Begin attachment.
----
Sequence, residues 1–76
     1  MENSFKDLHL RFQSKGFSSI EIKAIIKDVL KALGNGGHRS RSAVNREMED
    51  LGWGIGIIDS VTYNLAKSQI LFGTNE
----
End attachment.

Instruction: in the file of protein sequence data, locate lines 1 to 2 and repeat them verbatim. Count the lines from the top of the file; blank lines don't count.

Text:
Sequence, residues 1–76
     1  MENSFKDLHL RFQSKGFSSI EIKAIIKDVL KALGNGGHRS RSAVNREMED